India's demonetisation: Consumers complained, but fraud fell as high value notes were withdrawn.
Photo: India’s demonetisation: Consumers complained, but fraud fell as high value notes were withdrawn. (Shutterstock.com/singh_lens)
India's demonetisation: Consumers complained, but fraud fell as high value notes were withdrawn.
Photo: The Monetary Authority of Singapore: Banking on becoming the centrepiece of a smart financial sector. (Shutterstock.com/macashop)
The Monetary Authority of Singapore: Banking on becoming the centrepiece of a smart financial sector.
Photo: The Monetary Authority of Singapore: Banking on becoming the centrepiece of a smart financial sector. (Shutterstock.com/macashop)
The Monetary Authority of Singapore: Banking on becoming the centrepiece of a smart financial sector.

"It is clear that digital finance has the power to hugely boost GDP, while improving the lives of billions of people. At present, though, a number of challenges – most notably regulatory deficiencies and poorly-developed infrastructure – have yet to be overcome, with only greater co-operation between governments, non-governmental organisations, payment network providers and other stakeholders likely to resolve the situation."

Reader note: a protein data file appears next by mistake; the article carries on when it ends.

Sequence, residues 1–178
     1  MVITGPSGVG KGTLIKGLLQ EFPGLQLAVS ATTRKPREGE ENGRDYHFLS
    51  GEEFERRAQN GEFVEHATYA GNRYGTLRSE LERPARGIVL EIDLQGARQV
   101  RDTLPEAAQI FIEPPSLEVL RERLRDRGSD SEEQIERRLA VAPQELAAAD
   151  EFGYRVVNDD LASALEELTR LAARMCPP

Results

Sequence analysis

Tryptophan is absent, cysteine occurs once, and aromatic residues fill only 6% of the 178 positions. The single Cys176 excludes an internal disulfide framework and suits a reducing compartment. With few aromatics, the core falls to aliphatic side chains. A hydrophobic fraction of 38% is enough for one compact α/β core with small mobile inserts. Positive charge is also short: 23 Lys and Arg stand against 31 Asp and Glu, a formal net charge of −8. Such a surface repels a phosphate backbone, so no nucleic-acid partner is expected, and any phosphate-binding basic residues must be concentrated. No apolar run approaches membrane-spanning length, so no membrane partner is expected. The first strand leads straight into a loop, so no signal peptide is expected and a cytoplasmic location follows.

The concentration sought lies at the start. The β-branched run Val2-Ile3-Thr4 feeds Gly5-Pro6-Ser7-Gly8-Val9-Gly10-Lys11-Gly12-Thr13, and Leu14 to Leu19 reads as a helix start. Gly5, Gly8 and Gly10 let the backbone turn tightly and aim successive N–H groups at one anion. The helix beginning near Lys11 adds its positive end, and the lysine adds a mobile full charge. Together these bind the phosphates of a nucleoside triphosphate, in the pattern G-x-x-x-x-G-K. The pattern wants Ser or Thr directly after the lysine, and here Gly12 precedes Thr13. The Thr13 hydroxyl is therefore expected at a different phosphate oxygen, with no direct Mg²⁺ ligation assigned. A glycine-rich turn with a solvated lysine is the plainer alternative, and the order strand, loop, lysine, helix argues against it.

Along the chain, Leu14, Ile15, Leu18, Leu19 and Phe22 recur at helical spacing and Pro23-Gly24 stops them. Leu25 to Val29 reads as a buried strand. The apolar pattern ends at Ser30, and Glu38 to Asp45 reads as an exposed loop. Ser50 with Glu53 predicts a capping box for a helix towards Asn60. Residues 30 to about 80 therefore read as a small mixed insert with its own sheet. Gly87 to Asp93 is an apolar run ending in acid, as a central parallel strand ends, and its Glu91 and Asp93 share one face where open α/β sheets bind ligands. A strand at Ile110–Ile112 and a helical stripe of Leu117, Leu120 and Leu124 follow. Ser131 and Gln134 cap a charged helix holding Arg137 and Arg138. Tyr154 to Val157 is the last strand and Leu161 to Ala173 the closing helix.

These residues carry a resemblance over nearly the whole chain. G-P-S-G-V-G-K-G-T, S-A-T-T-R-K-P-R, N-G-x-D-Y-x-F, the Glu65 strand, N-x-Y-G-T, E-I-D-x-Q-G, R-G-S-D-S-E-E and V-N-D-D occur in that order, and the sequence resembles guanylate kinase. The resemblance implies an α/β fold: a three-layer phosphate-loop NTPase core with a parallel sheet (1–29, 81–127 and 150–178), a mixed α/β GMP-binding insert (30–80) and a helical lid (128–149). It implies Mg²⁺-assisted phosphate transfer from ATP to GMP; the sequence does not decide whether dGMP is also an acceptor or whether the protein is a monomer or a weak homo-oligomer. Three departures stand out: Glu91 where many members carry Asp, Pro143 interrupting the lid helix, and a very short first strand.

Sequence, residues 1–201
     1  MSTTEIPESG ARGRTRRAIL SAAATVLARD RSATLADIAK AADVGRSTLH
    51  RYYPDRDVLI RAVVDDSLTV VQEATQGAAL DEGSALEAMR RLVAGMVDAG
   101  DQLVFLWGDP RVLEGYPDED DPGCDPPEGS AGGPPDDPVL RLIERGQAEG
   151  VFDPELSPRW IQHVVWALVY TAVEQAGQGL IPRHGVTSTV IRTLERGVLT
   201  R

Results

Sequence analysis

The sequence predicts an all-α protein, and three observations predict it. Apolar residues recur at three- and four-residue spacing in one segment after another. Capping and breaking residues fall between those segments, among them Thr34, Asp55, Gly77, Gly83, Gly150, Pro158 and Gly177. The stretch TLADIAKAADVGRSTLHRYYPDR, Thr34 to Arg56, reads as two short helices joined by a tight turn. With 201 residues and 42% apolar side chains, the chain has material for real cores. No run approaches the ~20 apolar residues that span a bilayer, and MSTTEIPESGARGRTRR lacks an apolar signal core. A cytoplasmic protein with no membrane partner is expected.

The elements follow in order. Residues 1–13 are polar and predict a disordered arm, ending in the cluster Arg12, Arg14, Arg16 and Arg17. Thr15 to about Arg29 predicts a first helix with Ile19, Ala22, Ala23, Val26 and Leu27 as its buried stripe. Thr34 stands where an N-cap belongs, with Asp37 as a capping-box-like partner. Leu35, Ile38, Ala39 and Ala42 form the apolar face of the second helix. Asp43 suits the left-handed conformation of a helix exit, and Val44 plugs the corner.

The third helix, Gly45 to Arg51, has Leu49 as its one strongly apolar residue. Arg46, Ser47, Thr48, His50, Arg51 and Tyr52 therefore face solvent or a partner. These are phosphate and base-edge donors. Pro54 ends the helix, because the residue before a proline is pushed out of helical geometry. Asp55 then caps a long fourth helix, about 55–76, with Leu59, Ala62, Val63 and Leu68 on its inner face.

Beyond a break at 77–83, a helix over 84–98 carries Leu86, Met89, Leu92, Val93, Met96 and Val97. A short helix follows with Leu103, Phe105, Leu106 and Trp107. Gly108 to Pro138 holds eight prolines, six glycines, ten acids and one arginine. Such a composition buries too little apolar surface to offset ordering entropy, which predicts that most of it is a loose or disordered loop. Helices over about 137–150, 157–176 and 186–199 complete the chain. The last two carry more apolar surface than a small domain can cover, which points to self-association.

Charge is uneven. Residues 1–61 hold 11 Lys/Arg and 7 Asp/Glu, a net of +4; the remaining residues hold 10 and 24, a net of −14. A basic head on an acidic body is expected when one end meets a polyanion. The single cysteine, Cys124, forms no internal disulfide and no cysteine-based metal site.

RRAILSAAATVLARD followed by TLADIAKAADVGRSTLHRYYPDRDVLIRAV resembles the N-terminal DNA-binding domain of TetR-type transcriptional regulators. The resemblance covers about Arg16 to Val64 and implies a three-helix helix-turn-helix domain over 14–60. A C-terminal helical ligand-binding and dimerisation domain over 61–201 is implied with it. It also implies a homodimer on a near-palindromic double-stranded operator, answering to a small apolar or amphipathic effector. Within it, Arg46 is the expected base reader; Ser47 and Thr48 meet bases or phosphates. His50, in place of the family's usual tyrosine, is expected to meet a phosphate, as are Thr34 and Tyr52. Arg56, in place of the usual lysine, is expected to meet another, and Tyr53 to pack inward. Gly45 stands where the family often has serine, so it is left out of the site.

Expanding upon the progress made in his own country, Arun Jaitley, India's Finance and Corporate Affairs Minister, said: "Although, not so long ago, 70% of the people in my country were outside the financial system, today every Indian has their own bank account. All social welfare benefits – including grants, scholarships and sponsorships – are channelled through these accounts, resulting in huge savings for the state, as well as the provision of better-targeted benefits.

"Back in November 2017, when we suddenly took all of the high-value notes out of circulation, we dramatically reduced the number of cash transactions, simultaneously cutting down on tax evasion, money laundering, fraud and corruption. We've now created a platform that captures biometric information, which will allow us to ensure that state subsidies genuinely go to those who most need them, while also facilitating easy digital payments."

Turning more to the benefits that fintech offers the business sector, Vikram Pandit, Chairman of the Orogen Group, a New York-headquartered private-equity group focusing on financial innovation, said: "In many ways, the financial-services industry is fertile ground for disruption. Capital and technology can be now put together in ever faster and cheaper ways, bringing down the costs of supplying financial services in the same way that automation reduced manufacturing overheads many years ago."